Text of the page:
Nebraska did Scott Frost a favor by firing him Sunday and forking over the extra $7.5 million in buyout money they could have saved had they waited 20 days. Athletics director Trev Alberts said all the right things about why Nebraska made this move when it did. He talked of the players needing a new energy and vision. He talked of a team in need of a jolt of confidence. But we all know there’s no saving this already lost season for Nebraska.
Nebraska is 1-2 with losses to Northwestern and Georgia Southern and games against Oklahoma, Purdue, Minnesota, Michigan, and Wisconsin on the horizon. Interim coach Mickey Joseph should run for governor if he is able to get this team bowl eligible. Nebraska also fired Scott Frost when they did because it was the “nice guy” thing to do for a former Husker player. They gifted $7.5 million to a coach that completely failed them. And being the “nice guy” is partly to blame for the Huskers' recent misery.
How Did Nebraska Get Here?
Let’s review. Nebraska fired Bo Pelini after a 9-3 season because ... he yelled a lot and said curse words on the sideline? The man went 67-27 over 7+ seasons as the Husker big boss. Sure, Pelini stepped in it when a 2011 recording of him ripping into “fair weather Husker fans” was released but that’s hardly a fireable offense for a coach with a .713 winning percentage. Nebraska countered by hiring 61-year old Mike Riley, a proverbial football “nice guy.” He proceeded to go 19-19 over the next three seasons. Then came program savior Scott Frost, who went 16-31 over the next 4+ years.
There are a lot of reasons it didn’t work with Frost; being a “nice guy” isn’t one of them. Ask anyone who has covered Frost and they will tell you he isn’t the warmest or the fuzziest. And no one can blame Nebraska for hiring Frost. It looked like a no-brainer decision after his success at UCF.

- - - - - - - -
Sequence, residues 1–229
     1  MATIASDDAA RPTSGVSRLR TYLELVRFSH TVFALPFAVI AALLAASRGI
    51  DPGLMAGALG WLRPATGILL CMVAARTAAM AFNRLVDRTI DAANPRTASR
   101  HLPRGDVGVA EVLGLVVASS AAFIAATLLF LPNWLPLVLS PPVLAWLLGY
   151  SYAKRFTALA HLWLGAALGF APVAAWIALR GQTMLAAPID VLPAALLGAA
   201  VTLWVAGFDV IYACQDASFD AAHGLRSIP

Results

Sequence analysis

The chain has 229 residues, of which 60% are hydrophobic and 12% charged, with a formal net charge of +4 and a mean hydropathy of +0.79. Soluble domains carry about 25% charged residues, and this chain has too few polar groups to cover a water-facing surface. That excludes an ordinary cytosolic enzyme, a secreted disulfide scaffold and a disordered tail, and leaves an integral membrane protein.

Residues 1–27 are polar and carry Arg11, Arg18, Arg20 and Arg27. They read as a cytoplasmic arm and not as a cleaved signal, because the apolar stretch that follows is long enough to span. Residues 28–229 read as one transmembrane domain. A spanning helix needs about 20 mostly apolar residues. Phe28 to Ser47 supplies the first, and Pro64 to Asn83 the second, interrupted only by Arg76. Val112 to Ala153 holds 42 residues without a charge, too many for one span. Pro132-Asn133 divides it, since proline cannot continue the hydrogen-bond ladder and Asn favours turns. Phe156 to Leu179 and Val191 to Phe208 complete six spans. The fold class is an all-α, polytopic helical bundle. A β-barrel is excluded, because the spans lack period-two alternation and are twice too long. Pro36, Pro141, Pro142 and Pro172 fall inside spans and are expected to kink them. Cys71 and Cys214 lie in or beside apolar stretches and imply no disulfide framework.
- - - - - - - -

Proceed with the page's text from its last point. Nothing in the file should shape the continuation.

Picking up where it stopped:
So where does Nebraska turn now? It needs to turn the page on the past and embrace the present.
Nebraska has as rich a tradition as any program in the sport. 46 conference championships, 5 national championships, Osborne, Frazier, Rodgers, Rozier, Crouch, etc. They should embrace that history while also recognizing Tom Osborne ain’t walking through that door anytime soon. And don’t confuse Osborne’s soft spoken, humble demeanor as weakness. His Nebraska teams were ruthless, a model of precision, physicality, effort, and discipline that put opponents in a meat grinder for 60 minutes.
But coaches and players today don’t care about what Osborne teams looked like. They see Nebraska as a bygone, middle of nowhere outpost where two straight coaches went to die. What they do care about are opportunities to win, resources, facilities, and money. And Nebraska still has those components.
The Right Coach Can Win With The Huskers
If you want to look at the bright side of gifting Frost that bonus $7.5 million, it put out the bat signal to coaches across America that Nebraska has money and will spend. This will lead to the inevitable assembly line of big-name coaches flirting with the Huskers to get a raise at their current job (hello, Mike Gundy) but it’s also a good start for the Nebraska sales pitch. And Trev Alberts and the university will need to pitch their next coach if they want to hire a proven winner.
This isn’t a list of coaches that Nebraska should hire. It’s how the Huskers need to pitch themselves during the hiring process:
Notice I didn’t mention a thing about running the option or hiring a soft-spoken midwestern coach. Nebraska need not worry about their past. The Huskers need to hire a coach that will instill a culture of discipline and efficiency while possessing the ability to bring in a top-notch staff.
The Big Ten West is mediocre at best. Nebraska is a sleeping giant. It’s time to wake up.
Chad Withrow hosts “OutKick 360” weekdays from 3-6pm ET on the OutKick Network. You can email him at Chad.Withrow@OutKick.com